Theatre Royal Stratford East
Oh, What A Lovely War! returns to the theatre where it was first premièred by Joan Littlewood in 1963, for this revival that coincides with the centenary commemorations of World War I. Famous for its criticisms of the war, and its Pierrot-style costumes and music hall ditties that contrast with the horrors they portray, the first performances garnered mixed reviews but the piece has since become a celebrated classic.
This production stays true to the original, with the familiar black and white costuming, and so-called “electric newspaper”, which persistently projects images and statistics across the back of the stage throughout the performance. It is this latter feature that helps the show’s ability to shock and move so profoundly. It is a sad fact that we are almost able to get used to the images of conflict that we see in documentaries, films, history books and annually on television each Remembrance Day; Oh, What A Lovely War! reminds us we should never become accustomed to this by giving us no rest from the incessant horrific facts of the war: “Average life of a machine gunner under attack on the Western Front: 4 minutes”, to cite just one of countless examples.
There is a possibility that this production could become dated, as the traditions that the show uses to make its point become more unfamiliar to modern audiences. Similarly, shock factor alone does not make an interesting theatrical event, so it’s a fine balance. By and large this production manages it, and as an audience we are both entertained and affected. The familiar wartime songs – ‘Keep The Home Fires Burning’, ‘Pack Up Your Troubles In Your Old Kit-Bag’, ‘It’s A Long Way To Tipperary’ – echo out with all their full poignancy, but there is also dry humour in numbers such as ‘Belgium Put the Kibosh on the Kaiser’ and ‘They Were Only Playing Leapfrog’. Cole Porter’s ‘And When They Ask Us’ (a parody rewrite of Jerome Kern’s ‘They Didn’t Believe Me‘) brings the production to an end on this note: “And when they ask us, and they’re certainly going to ask us,/ The reason why we didn’t win the Croix de Guerre,/ Oh, we’ll never tell them, oh, we’ll never tell them/ There was a front, but damned if we knew where”. It’s humorous, but the full weight of knowledge about the true experiences of these men brings a whole another level of painful emotion to the scene, just as it does in the 1969 film adaptation.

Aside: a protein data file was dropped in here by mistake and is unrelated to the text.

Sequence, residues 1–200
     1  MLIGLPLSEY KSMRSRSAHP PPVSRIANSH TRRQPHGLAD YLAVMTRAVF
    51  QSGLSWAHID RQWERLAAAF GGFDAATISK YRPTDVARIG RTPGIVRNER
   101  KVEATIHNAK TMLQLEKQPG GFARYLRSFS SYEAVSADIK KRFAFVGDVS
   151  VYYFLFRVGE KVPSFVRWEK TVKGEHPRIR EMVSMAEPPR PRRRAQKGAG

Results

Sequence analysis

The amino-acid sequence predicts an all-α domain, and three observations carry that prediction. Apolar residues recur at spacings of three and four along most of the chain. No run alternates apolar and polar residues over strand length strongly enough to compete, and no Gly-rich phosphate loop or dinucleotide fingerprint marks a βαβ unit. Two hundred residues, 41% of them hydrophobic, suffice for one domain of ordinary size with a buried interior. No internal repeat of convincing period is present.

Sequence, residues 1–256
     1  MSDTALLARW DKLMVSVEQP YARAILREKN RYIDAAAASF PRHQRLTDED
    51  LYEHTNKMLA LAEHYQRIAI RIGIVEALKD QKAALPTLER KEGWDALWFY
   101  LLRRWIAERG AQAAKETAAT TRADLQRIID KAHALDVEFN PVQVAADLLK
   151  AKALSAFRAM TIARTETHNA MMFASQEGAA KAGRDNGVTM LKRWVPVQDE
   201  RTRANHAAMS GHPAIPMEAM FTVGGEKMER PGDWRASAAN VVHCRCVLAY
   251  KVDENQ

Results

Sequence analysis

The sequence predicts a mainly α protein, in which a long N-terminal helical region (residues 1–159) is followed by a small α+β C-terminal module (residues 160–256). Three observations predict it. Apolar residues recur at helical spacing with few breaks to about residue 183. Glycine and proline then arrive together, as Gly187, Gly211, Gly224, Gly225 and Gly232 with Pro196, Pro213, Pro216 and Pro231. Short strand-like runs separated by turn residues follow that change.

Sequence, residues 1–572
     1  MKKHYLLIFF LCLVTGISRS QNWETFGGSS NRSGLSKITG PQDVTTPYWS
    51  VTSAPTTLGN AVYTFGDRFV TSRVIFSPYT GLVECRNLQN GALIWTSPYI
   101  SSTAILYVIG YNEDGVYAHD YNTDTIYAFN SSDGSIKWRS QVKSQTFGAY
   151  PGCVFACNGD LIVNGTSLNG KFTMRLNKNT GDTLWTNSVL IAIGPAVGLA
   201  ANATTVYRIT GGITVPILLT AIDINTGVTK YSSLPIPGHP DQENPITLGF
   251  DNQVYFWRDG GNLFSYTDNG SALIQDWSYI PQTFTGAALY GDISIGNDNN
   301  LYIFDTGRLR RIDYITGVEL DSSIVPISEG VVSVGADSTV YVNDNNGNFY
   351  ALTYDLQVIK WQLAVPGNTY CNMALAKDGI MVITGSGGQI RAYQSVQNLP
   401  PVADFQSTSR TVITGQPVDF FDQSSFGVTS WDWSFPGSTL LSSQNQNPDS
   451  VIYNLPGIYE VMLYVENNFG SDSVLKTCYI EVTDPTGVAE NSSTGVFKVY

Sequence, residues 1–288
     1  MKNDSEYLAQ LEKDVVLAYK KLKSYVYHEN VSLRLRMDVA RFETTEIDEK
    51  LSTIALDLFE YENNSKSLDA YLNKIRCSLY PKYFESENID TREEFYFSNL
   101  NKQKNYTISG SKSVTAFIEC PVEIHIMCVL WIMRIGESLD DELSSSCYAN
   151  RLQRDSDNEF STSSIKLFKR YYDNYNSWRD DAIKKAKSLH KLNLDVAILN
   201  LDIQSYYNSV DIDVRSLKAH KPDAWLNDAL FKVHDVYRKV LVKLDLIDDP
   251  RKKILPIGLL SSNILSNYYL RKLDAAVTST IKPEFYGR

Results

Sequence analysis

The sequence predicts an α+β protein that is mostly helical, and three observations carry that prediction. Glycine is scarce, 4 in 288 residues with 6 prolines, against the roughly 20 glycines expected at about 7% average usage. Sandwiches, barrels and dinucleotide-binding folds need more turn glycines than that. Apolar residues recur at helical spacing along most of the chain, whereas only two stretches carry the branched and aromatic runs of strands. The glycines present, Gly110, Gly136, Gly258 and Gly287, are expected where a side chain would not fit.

Wendi Peters stars in this revival as a host of characters, demonstrating her impressive versatility; at times she has more energy than everybody else on stage combined, and you can’t not be impressed by her negotiation of tongue-twisters in ‘Sister Susie’s Sewing Shirts For Soldiers’. Ian Reddington also delights as our host for the evening, his audience interaction before the show drawing us in so we feel the impact of the piece all the more strongly. However, there are times when weak links in the performance threaten to dull this effect, for example some lacklustre execution of Lynne Page’s choreography, and some feeling of repetition in the more static scenes. It’s a shame that these moments prevented me from becoming totally immersed in the piece, as there are other scenes that are beautifully and heart-breakingly harrowing.
Oh, What A Lovely War! has perhaps not retained its unique freshness and bravado that it was credited in 1963. Elements of it now feel outdated, and some historians would point out that it is more a view of how negatively the war was seen in the 1950s and 60s than a fair historical analysis of the conflict itself. However, when you clear away all this extra scrutiny, it cannot be denied that the lasting impression is poignant and effective: it is an important production to preserve and perform, not just for its place in theatrical history, but for its power to make us reflect on what has been, and what should never be repeated.
Click here for dates and booking details for the Oh, What A Lovely War! UK tour.